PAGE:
WHY STAY SOMEWHERE ORDINARY?
It was almost midnight at the palace where we were staying. The ancient wooden floors creaked with each step as we slowly navigated our way through the dim halls and centuries-old parlors. It was the perfect setting for a ghostly photo shoot. The room we had booked was even grander than the opulent chateau’s common spaces. The bed wasn’t just king-size, it was made for a king. It was the kind of room that can make you happy even when you’re lying in bed planning your next travel day; the kind of place that begs for a photo shoot or an after party for your groupies. You’re not going to get that at the Hilton.
It’s human nature to just book the nicest/easiest hotel you can afford or just try to find a convenient stay near the airport/train station/cruise terminal. If you recognize the brand name of the hotel you might even be more likely to book. That’s what most of us do. Keep it simple.
Book, sleep, repeat.
However, if you consider that you’ll spend a third (or at least a fourth) of your day in your hotel room, getting creative and looking for unique stays can add an entirely new dimension to your adventures. Just changing hotels even when you’re staying in the same city can add a little spice to your trip.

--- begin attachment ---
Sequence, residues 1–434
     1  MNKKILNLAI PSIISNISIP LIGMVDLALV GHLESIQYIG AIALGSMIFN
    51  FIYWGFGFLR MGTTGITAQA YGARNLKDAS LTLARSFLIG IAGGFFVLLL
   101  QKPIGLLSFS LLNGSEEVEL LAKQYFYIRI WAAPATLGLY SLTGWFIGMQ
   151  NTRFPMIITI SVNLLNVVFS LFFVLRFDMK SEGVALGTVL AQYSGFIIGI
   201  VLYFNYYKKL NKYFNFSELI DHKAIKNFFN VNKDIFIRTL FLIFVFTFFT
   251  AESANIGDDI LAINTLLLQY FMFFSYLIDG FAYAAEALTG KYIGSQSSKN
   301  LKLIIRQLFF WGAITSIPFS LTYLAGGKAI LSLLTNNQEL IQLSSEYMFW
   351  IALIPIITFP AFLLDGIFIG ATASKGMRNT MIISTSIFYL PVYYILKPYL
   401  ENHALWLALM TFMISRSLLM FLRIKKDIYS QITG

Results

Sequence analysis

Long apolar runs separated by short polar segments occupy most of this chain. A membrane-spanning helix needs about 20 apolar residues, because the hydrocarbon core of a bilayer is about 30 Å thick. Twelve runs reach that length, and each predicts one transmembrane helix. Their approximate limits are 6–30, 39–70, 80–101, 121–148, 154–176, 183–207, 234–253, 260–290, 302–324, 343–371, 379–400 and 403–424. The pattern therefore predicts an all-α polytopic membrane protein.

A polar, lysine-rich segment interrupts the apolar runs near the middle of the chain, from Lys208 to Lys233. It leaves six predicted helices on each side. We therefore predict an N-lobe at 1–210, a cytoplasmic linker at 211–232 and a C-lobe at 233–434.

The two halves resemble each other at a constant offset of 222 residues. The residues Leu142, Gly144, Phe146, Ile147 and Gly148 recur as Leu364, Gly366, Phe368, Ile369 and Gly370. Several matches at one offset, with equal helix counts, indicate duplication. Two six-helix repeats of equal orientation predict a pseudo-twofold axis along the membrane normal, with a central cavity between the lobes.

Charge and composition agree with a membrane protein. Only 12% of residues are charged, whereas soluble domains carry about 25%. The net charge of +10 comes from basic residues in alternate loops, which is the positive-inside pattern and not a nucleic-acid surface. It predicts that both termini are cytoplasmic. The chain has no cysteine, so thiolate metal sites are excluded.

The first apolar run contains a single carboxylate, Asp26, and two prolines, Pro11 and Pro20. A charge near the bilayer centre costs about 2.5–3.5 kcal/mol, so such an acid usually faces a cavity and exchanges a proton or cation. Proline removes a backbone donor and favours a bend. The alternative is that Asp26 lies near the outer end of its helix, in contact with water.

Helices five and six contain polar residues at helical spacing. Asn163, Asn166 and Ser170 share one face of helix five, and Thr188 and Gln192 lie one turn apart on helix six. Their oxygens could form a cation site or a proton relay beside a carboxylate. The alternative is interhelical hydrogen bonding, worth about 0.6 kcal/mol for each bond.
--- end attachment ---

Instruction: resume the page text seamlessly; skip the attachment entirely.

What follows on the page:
This particular night I was staying at the Chateau d’ Etoges, a 17th century palace with a long history of royal owners and guests in the Champagne region of France. For €130/night I had a royal chamber with elegant paintings, palatial wall coverings and carpet that looked like it had been lifted from Versailles. Also included in the price was a champagne breakfast with a made to order charcuterie plate, fruit and freshly baked pastries. The palace was surrounded by a moat, had free parking and beautiful gardens to stroll around and think royal kingly thoughts. A palace for less than what I’d spend for a three star hotel in Paris? It wasn’t a difficult choice. Castle stays are often quite affordable and a great option when traveling through Europe. Using key words such as castle, palace, chateau, fortress can yield lots of interesting choices on Google or search apps like booking.com
The night before my castle stay, I had been traveling in Amsterdam and decided to do an overnight in Hoorn, Holland. This small town 40 minutes north of Amsterdam is full of boats and ships in a beautiful calm canal. A boat stay isn’t difficult to find. Airbnb has a category for unique spaces and we found a cabin in Hoorn for less than half the price of a regular hotel. The owners of the boat are able to accommodate up to six guests on their spacious craft. On previous trips I’ve stayed on a barge in Reims, a 110 year old yacht in Amsterdam, several “botels”, and I find myself always looking for a unique night in the water. There’s boats all over the world, so there’s possibilities in Asia, Africa and Australia if you do a little research. I loved my boat stay in Hoorn.
Airbnb also has searchable unique categories including treehouses, caves, igloos, earth houses, campers and windmills. Yes, windmills.